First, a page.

You will notice that these plants can be transplanted very easily from any marsh or swamp in your home garden; as these are beautiful to look at and add immense character to any landscape. They cannot stand high salinity in the soil, and they can spread easily like a weed. You must also be careful of their growth because they can hide and hinder the growth of plants in their surroundings.
How To Take Care of Transplanted Cattails?
You can take care of a transplanted cattail by making sure that it is getting adequate water, it is not standing in direct and harsh sunlight, and finally that the soil is moist and has required nutrients in good quantity for the cattail to grow.
The soil plays the most important role in the transplantation and retention of the cattail plant.
The transplanted cattail might be from a source that would have muddy soil so when we transplant it, this great shift from muddy soil to moist soil may be a shock to the plant and its growth.
This is why it is very significant that at the start the plant is surrounded by very moist soil.
The next most influential point in taking care of a transplanted cattail is the amount of water that it should be given. Now there is no specific amount that is mandatory, but you will figure it out depending on the nature of your garden, soil, and the cattail.
This means that you must make sure you regularly water the cattail and its surrounding soil, the one that you should also get from the marsh, because this significant one is where it grew and thrived.
On another note, they should have more water than normal garden plants as it has been transplanted from places that have so much water surrounding them. In short, you are supplying its necessary irrigation needs, just as where it used to live.
The last point of concern is the sunlight, because note that even though the cattails get direct sunlight in the marshes and swamps, it is better to keep the transplanted cattails under some shade. This does not mean that they do not need sunlight but only that direct sunlight should be avoided; on the contrary, you must make sure to plant them somewhere they get shade and sunlight throughout the day.
Moreover, when the seasons change and the sun fades, the cattails die in the winter and also when the salinity in the water is more than the normally accepted range. In both cases, it is very easy to tell if the cattails have died because they will fall down to the base and will dry out.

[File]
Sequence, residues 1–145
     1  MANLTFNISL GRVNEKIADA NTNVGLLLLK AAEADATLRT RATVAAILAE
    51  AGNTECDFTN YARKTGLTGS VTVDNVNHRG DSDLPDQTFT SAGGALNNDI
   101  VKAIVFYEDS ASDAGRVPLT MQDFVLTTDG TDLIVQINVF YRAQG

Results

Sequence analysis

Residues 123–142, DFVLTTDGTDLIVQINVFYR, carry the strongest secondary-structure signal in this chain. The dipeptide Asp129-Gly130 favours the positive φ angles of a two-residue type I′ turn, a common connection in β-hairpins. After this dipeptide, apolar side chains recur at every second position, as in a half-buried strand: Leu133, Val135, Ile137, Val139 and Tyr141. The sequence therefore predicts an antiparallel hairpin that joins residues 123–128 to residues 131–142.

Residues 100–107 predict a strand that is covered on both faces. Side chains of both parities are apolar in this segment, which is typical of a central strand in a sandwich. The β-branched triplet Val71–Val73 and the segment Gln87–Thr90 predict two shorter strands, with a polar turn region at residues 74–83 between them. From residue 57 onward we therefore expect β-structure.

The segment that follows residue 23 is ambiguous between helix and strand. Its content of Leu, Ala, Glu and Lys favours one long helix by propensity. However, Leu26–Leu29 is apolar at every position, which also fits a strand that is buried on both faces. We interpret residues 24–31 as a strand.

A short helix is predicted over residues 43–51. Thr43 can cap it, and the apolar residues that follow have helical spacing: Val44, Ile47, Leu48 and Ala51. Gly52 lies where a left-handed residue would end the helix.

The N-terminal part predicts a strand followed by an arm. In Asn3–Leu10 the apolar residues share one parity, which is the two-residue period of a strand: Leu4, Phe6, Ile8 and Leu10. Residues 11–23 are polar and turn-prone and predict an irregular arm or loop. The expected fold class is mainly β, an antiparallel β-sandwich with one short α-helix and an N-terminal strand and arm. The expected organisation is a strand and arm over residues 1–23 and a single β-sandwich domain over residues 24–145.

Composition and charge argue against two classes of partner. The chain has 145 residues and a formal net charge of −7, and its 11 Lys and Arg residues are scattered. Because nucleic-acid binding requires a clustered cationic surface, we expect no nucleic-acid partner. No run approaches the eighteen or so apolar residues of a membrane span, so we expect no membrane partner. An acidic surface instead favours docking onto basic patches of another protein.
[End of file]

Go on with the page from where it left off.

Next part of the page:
Winters are thus the best time to cut your cattails and prevent them from becoming dormant, dry, and dead, if you wonder “when do cattails die.” As they can grow very easily, as soon as the winters end, they will regrow from their under-soil roots.
In the other case, if the salinity in the water is ten parts thousand during the growing season of the cattails, the plants will wilt and will definitely die. To prevent this, regularly check the salinity level of your water and soil.
1. Can Cattails Spread on Open Grounds?
Yes, cattails can spread on open ground in your garden after you have transplanted them or grown them from seeds. The growing time of a cattail is very short which is why it is easier for them to spread in its surroundings, as they root strongly.
Sometimes the ability of cattails to spread quickly can become a problem as they can take over the nearby arrangements of other plants and potentially hinder and hide their growth. This is why it is better to grow them in a place where the rest of the plantation is kept separate and also make sure to regularly dig up and remove the cattail rhizomes when they start to spread exponentially on the sides.
In this article, we talked about how you can transplant cattails from one place to another and what are its pros and cons but in case you missed anything, here is a small review to refresh your memory:
- You can transplant cattails by carefully removing the whole cattail plant and its rhizome from the muddy soil and planting it into a pot or area of moist soil.
- The transplanted cattails need adequate water, moist solid, sunlight, and shade throughout the day.
- The best time to harvest the cattails is the early spring season.
Here we come to the end of the article. We hope it was helpful and informative for you and that now you know how to transplant cattails successfully, which means that you can cover the task in a precise manner.